State OKs killing more wolves that attacked cattle in northeastern Washington

OLYMPIA, Wash. — The Washington Department of Fish and Wildlife on Wednesday authorized the killing of members of a new wolf pack that have attacked cattle in northeastern Washington.

"WDFW staff have confirmed that on six separate occasions since Sept. 4, one or more members of the Old Profanity Territory (OPT) pack killed one calf and injured five others on a U.S. Forest Service (USFS) grazing allotment" in Ferry County, a news release said.

It's the second time in a month that the Department of Fish and Wildlife Director Kelly Susewind has approved the lethal remove of wolves.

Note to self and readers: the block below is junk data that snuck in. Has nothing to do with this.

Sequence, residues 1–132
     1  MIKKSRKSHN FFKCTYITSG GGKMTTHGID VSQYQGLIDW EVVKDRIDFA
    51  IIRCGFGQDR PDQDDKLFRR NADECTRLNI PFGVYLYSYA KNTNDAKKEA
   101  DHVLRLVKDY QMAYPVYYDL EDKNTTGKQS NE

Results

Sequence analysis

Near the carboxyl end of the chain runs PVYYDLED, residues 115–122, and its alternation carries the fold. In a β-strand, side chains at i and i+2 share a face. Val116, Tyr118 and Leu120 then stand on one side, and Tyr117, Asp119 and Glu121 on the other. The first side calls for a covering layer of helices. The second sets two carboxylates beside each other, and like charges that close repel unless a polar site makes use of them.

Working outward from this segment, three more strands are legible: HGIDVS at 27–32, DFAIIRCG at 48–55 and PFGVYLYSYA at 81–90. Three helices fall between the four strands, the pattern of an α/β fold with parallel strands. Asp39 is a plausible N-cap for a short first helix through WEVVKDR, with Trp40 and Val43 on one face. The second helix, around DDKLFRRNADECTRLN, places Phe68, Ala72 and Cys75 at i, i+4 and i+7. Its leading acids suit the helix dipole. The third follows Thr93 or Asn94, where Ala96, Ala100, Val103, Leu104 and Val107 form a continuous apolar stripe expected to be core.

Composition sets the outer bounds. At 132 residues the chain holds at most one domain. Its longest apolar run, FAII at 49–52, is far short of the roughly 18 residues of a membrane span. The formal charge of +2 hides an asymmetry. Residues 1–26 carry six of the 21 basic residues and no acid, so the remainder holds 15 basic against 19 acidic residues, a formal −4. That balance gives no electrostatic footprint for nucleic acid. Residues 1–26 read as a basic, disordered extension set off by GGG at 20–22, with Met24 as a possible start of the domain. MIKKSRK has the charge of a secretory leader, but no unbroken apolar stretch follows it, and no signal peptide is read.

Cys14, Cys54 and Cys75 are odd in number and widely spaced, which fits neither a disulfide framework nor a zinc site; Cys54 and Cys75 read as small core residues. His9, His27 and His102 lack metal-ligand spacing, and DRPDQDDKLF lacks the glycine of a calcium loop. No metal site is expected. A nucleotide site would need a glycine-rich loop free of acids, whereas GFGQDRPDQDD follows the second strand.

Susewind authorized "incremental" removal of one or two wolves. Efforts to trap or shoot the animal will begin after Thursday afternoon.

Earlier this month, an agency marksman shot and killed a male member of the Togo wolf pack.

Two environmental groups won a temporary restraining order to stop the killing of that pack, but a judge declined to extend that order Aug. 31.

The presence of the new OPT pack was documented after WDFW completed its annual survey of the state’s wolf population in March. The survey identified 22 wolf packs and a minimum of 122 wolves in the state. Annual surveys have shown the population growing at a rate of about 30 percent each year.